This week, NATO leaders gathered to discuss security guarantees for Ukraine in the Lithuanian capital Vilnius. While Ukraine was again promised that it would be admitted to NATO when “allies agree and conditions are met,” Georgia was urged to “work on the reforms”.
With a devastating war raging in Ukraine, there are fears that Georgia could be Moscow’s next target, prompting the Georgian government to recalibrate its rhetoric about NATO membership.
‘NATO fatigue’ in Georgia
“Had Georgia already been a NATO member in 2008, there would have been no war and no Russian occupation either. Georgia seems to be hitting the glass door,” according to Georgia’s parliament chairman, Shalva Papuashvili.
Georgia fought a war with Russia in August 2008. Following the five-day military conflict, the Kremlin announced that it had recognized the independence of the Abkhazia and South Ossetia regions, and Russian troops are stationed there to this day.
At a NATO summit in Bucharest in April 2008, the alliance said both Georgia and Ukraine could eventually join but did not provide a clear path to membership. In a communique released on Tuesday in Vilnius, NATO reaffirmed that Bucharest agreement.
Fifteen years after the promise made in Bucharest, Georgia has not received any concrete time frame for or pathway to membership. Kornely Kakachia, the director of the Georgian Institute of Politics, told DW that this has led to “NATO fatigue.”
“Georgia was the first victim of a Russian invasion, one of the front-runners in NATO missions like Iraq and Afghanistan, where it sacrificed its soldiers,” Kakachia said. “Georgia was waiting for NATO to reward that.”
Undermining NATO ambitions
Experts say NATO membership entails more than military contributions: It requires strong and long-term political commitment, which seems to be a weak spot for Georgian politicians.
Though Tbilisi officially maintains its commitment to the Euro-Atlantic path, the government has gone on record with statements that appear to undermine that ambition.
“I think everybody knows the reason,” Georgian Prime Minister Irakli Garibashvili said at the Global Security Forum in Bratislava when asked about the reasons behind Russia’s invasion of Ukraine. “One of the main reasons was NATO: NATO enlargement. Therefore, we see the consequences.”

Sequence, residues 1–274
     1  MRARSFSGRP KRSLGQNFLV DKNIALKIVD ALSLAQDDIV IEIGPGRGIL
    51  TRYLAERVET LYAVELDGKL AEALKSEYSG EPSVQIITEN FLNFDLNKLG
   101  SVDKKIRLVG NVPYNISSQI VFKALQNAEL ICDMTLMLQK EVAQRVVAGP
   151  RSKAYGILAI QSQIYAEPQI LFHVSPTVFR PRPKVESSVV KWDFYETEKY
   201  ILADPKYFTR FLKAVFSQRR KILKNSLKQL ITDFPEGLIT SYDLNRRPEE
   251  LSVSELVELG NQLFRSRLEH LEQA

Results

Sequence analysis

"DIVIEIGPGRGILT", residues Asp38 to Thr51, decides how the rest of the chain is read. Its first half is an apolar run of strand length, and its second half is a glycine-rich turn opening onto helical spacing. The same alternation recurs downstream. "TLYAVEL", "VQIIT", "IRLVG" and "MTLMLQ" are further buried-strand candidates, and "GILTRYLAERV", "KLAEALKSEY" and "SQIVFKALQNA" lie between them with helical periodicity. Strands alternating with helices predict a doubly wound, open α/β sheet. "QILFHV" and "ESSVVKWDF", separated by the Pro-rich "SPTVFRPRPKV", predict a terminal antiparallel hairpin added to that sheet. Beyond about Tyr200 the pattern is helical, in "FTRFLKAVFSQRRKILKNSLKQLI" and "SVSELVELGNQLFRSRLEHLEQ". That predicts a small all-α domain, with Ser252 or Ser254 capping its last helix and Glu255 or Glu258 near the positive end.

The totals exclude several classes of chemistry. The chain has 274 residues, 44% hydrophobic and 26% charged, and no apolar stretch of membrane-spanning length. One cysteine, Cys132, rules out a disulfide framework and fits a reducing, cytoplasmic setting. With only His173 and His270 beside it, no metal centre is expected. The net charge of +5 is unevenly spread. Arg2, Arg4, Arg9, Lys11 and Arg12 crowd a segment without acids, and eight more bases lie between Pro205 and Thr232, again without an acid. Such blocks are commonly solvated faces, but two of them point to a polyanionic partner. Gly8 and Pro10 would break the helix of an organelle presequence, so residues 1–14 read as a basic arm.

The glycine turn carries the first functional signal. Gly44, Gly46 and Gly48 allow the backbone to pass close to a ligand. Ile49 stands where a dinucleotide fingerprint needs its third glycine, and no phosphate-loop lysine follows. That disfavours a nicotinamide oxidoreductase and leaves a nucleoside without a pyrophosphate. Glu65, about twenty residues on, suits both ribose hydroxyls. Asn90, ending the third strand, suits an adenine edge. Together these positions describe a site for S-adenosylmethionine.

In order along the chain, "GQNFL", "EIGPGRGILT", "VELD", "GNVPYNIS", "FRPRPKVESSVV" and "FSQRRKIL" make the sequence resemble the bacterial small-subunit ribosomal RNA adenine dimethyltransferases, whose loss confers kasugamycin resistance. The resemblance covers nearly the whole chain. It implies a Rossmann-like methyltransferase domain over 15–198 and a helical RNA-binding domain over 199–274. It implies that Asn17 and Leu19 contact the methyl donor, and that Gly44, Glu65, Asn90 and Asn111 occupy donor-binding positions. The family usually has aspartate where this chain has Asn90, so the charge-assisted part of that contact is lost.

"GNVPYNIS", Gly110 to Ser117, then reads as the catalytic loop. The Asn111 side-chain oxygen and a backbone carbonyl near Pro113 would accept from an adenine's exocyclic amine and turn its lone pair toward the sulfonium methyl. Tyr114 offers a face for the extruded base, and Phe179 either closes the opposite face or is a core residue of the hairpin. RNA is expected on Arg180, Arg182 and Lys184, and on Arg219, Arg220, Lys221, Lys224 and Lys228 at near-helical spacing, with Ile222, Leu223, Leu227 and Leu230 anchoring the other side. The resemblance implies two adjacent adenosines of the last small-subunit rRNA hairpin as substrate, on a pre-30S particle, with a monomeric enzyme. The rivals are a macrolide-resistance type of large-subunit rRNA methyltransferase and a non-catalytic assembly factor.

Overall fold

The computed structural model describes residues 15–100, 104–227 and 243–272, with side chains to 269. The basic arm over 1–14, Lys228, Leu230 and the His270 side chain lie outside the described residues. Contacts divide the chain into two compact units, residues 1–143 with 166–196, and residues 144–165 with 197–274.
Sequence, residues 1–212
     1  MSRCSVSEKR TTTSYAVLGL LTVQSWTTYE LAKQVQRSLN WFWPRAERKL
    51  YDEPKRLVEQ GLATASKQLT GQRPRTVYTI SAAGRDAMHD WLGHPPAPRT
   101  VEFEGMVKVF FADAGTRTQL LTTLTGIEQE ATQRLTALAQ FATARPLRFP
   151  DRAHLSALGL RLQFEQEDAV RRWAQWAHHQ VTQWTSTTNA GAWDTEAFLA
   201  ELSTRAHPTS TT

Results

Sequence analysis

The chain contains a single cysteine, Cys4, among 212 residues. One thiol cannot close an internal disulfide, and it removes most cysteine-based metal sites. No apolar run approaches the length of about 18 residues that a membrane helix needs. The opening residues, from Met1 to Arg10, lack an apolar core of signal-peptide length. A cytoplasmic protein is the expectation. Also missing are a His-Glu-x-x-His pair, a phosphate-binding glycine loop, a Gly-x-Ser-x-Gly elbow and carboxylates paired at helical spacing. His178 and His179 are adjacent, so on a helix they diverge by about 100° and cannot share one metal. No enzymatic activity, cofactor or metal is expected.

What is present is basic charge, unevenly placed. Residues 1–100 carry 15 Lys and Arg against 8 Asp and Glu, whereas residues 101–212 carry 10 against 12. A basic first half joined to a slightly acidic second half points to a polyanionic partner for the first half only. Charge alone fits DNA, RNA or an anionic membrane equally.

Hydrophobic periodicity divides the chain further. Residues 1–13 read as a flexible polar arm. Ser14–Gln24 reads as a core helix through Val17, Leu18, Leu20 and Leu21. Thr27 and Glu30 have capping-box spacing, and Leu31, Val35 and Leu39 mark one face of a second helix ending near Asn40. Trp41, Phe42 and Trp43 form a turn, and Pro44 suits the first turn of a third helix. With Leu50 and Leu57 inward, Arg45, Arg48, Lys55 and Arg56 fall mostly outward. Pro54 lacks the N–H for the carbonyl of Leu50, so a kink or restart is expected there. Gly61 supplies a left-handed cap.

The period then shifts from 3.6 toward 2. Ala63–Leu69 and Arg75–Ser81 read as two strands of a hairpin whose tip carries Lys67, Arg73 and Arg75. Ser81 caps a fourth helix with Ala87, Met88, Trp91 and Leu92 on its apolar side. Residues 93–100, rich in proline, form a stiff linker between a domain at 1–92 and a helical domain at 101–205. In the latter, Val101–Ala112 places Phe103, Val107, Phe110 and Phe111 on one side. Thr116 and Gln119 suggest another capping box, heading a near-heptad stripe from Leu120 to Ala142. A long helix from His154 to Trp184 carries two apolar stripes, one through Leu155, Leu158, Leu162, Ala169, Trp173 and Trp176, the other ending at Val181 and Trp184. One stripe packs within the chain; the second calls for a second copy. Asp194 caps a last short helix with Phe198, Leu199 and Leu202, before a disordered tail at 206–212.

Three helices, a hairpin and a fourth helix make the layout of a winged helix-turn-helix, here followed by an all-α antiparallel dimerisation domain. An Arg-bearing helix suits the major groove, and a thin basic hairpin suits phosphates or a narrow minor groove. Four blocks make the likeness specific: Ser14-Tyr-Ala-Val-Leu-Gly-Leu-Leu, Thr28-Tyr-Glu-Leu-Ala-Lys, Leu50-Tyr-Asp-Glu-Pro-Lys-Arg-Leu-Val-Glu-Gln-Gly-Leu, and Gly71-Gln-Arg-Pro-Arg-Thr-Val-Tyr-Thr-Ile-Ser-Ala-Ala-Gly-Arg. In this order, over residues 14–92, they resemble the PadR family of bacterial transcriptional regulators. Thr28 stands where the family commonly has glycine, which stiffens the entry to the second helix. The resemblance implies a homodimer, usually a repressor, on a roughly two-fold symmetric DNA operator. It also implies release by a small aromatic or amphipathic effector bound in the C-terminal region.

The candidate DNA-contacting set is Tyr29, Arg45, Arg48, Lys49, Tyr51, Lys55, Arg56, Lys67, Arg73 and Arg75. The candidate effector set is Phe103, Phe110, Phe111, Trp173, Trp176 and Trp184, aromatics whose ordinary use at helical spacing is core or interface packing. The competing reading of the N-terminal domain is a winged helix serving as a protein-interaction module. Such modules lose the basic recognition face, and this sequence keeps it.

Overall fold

The statement triggered a backlash both at home and abroad.
“It is hard to imagine NATO embracing a country whose prime minister, echoing Putin’s rhetoric, blames the Alliance for the war in Ukraine,” Nata Koridze, a former diplomat who worked closely with NATO, wrote in an op-ed for a Georgian media platform, Civil.ge.
Georgia’s prime minister did not attend the Vilnius summit. Media reports suggest that he’d been explicitly asked not to. Georgia instead sent Foreign Minister Ilia Darchiashvili.
‘Short of membership’
Eka Akobia, the director of Peace Studies at Caucasus University, said NATO’s reluctance with Georgia had to do with its border with Russia.
Though NATO must maintain its open-door policy, it “does not want to cause trouble with the enlargement and thus comes up with various formulas for aspirant countries, short of membership.”
Yet Georgia faces yet another barrier to joining NATO. The conventional view is that a country with an ongoing military conflict or with parts occupied by another country can’t join the alliance. Some pundits suggest Georgian authorities launch a bid to join without the Moscow-controlled regions and with the option of future extension once Tbilisi regains control of those regions.
Bringing back ties with Russia
Georgia watchers say the country has been shifting back into Russia’s orbit. Critics of the current government claim that such a shift is linked to the founder of the ruling party, Georgian Dream, and former prime minister Bidzina Ivanishvili. Ivanishvili is a businessman who made his fortune in 1990s in Russia. Even though he officially left politics, he continues to pull the strings from behind.
Since last year, trade relations between Tbilisi and Moscow have become closer, which sparked concern about the potential for sanctions evasion through Georgian territory, putting in turn a strain on Georgia’s ties with Ukraine and its allies.
“It is important that Georgia lives up to the democratic values we all believe in,” NATO Secretary General Jen Stoltenberg said in May. “And, of course, we also expect non-NATO allies to adhere to the sanctions and not make it easier for Russia to finance and organize the war of aggression against Ukraine.”
Political analyst Kakachia said that, considering recent foreign policy choices, Georgia’s partners in the West might think that Tbilisi “has to fix its moral compass in regard to Ukraine and its policy towards Russia.” He added that Georgia’s future depends on the outcome of the war in Ukraine.
“Because of its geographical vulnerability, Georgia has to jump over its head to stay on Western radars,” he said. “If Ukraine wins the war, that will be a game changer for Georgia’s NATO accession.”